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Domestic workers and mobile phones



By Step Up

Channel NewsAsia's "Talking Point" touched on a very current albeit sensitive topic: "Helpers and Mobile Phones: Is there a Win-Win Solution?".

The news program “Talking Point” showed that many domestic workers are accessing social media apps on their smartphones during working hours, uploading seemingly harmless song and dance meme videos.

The employers interviewed on “Talking Point” discussed imposing rules on the use of smartphones, such as no using of phones in the day or until all chores are done. The most extreme view came from an employment agency that hires only domestic workers who are willing to sign a no-handphone agreement with their new employers.

Many want to impose restrictions on the use of mobile phones as they do not want their personal details revealed unwittingly on social media by their domestic workers.

However, domestic workers leave their home countries and do not see their families for years. It’s only fair for them to communicate with their families on a daily basis. “Talking Point” highlighted that domestic workers are not children, and if our own employers/companies do not impose handphone usage rules at work, why should we do so with our domestic workers?

In this day and age, many of us can’t live without our phones. This is a universal issue that requires education on the advantages and disadvantages of smartphones and social media. For worried employers, we have created many videos to educate domestic workers in Tagalog and Bahasa. The topics include:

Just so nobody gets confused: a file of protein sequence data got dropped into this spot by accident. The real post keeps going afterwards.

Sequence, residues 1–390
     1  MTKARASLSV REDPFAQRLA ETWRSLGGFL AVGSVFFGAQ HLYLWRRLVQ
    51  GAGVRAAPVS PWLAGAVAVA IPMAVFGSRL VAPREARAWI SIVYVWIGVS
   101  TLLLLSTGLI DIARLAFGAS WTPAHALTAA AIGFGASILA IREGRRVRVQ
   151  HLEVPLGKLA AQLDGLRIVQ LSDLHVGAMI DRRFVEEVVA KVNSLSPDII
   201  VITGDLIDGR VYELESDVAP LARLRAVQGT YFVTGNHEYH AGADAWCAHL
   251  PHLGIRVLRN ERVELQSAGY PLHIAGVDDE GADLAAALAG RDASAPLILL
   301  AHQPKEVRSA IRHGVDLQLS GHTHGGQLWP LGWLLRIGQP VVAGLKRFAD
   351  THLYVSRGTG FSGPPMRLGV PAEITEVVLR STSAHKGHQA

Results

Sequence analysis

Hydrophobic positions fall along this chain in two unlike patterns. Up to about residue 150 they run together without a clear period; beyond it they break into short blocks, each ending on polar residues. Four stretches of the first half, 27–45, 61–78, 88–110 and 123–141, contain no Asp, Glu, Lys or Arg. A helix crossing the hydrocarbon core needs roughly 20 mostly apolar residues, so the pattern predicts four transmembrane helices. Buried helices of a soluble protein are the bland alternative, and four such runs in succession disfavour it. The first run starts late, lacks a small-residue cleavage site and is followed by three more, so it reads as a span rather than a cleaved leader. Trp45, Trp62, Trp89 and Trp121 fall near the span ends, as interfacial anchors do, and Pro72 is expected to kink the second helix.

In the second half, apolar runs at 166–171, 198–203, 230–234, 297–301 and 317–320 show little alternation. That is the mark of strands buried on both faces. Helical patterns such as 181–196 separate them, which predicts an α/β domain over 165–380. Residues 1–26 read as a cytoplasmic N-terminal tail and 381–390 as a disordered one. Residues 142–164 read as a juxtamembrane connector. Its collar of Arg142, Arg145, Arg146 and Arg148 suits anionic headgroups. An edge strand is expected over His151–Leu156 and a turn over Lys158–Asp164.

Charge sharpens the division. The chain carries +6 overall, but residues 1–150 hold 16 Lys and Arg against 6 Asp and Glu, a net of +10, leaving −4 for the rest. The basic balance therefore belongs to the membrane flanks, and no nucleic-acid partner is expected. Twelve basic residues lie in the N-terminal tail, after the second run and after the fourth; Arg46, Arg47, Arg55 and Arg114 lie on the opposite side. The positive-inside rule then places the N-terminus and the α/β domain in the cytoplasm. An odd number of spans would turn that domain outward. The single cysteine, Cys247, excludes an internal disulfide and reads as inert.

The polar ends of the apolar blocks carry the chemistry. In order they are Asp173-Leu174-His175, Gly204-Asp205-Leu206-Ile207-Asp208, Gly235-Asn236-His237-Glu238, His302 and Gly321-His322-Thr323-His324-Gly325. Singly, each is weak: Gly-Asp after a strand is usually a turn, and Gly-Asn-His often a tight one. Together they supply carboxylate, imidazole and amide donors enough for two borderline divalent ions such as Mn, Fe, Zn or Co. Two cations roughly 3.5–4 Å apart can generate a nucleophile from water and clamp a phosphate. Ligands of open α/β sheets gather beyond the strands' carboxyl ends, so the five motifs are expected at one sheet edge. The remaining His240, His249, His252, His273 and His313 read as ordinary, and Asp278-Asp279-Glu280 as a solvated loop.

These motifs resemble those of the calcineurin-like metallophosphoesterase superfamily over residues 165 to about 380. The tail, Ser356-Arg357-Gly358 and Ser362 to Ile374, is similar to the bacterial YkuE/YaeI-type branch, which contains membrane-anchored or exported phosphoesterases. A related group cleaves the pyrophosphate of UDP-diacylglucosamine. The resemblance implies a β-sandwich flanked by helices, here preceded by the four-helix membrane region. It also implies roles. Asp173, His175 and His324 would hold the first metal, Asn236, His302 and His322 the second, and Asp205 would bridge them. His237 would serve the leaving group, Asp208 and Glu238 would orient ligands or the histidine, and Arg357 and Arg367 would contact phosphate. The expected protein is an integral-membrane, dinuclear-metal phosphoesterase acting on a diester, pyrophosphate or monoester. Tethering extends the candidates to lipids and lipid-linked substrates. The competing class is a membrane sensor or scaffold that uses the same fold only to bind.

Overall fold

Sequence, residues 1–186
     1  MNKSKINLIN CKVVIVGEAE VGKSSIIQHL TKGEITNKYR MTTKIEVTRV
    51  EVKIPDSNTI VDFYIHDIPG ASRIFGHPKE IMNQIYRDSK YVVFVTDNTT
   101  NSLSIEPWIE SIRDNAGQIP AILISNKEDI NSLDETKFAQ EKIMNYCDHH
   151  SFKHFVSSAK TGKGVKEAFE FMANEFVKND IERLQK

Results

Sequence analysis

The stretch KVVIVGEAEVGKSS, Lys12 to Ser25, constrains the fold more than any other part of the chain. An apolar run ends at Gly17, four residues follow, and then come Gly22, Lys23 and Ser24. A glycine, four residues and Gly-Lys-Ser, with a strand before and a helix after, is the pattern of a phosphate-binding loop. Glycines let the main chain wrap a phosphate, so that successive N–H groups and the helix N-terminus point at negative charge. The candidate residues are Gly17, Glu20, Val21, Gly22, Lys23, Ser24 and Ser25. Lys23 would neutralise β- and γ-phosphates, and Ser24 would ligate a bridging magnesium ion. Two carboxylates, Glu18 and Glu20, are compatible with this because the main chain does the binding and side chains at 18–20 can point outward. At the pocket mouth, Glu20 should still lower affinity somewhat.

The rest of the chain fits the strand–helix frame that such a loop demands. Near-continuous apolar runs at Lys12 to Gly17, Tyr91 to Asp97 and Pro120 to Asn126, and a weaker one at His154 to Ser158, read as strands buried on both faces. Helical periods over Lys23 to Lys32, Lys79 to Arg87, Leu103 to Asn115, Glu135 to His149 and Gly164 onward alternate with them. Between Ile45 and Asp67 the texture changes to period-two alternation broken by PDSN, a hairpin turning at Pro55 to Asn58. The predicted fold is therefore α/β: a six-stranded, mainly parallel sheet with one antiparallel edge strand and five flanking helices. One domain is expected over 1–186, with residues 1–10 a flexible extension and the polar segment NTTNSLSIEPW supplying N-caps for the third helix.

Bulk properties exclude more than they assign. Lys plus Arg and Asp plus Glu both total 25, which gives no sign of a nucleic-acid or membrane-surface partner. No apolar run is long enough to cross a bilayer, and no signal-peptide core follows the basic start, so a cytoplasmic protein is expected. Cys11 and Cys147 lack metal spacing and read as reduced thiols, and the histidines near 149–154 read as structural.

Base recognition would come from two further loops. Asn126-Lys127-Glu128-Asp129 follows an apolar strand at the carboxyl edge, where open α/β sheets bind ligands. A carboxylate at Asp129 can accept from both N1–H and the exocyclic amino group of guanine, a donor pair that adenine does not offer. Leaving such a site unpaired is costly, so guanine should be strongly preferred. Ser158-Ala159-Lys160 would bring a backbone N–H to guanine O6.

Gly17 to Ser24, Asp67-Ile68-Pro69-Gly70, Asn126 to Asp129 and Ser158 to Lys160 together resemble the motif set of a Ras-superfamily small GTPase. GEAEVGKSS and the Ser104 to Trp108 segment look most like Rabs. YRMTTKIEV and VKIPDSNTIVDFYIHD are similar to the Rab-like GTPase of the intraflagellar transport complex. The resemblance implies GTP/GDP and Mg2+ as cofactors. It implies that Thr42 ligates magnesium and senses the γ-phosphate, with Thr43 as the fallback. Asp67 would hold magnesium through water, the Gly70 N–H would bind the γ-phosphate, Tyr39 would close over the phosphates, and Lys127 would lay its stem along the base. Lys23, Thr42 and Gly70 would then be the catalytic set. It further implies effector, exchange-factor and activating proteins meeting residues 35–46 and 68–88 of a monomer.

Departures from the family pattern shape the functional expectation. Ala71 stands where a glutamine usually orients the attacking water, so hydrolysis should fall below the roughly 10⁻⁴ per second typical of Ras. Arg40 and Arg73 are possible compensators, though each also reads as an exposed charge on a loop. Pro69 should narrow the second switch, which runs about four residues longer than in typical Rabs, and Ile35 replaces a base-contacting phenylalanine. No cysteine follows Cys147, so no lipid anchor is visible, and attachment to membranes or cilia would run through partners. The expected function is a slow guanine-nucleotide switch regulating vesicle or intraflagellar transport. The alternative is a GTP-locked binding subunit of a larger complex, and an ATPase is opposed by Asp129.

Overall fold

1.             Are you addicted to your mobile phone?
2.             3 things you should never post on social media.
3.             Social media guidelines.
4.             What is an Internet love scam?
5.             Do not believe everything you see or read on the Internet.
6.             Be responsible on social media.

Employ the use of Step Up to educate your domestic worker on the use of social media and also share your comfort level of what can be shown on it, if it relates to your home and family members.





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Want to work with us?

We are looking to partner with employers who are experts at domestic chores and who can suggest relevant topics to benefit households of various ethnic groups. Contact us for details.

4 tips to train your domestic worker

By Step Up

Just hired a new domestic worker? If you are lucky, your worker will be equipped with training as promised by her employment agency. If you are not, you will need to impart skills as she enters your household, starting with the very basic chores. 

The first barrier to effective training is language. Many times, employers have to use simple English and animated gestures to communicate with their limited or non-English-speaking workers. First, decide which is the language of instruction. Some employers need their domestic worker to get down to work immediately so it is a priority of short-term goals, and in this case, chores. But the long-term objective is to learn how to communicate more effectively with your worker. 
The key is not to overwhelm your domestic worker with learning a new language and the rules of your household all at once! 

Here are 4 tips to help your domestic worker get up to speed in a short time! 

1. Provide a schedule.
Create a weekly timetable that is clear a…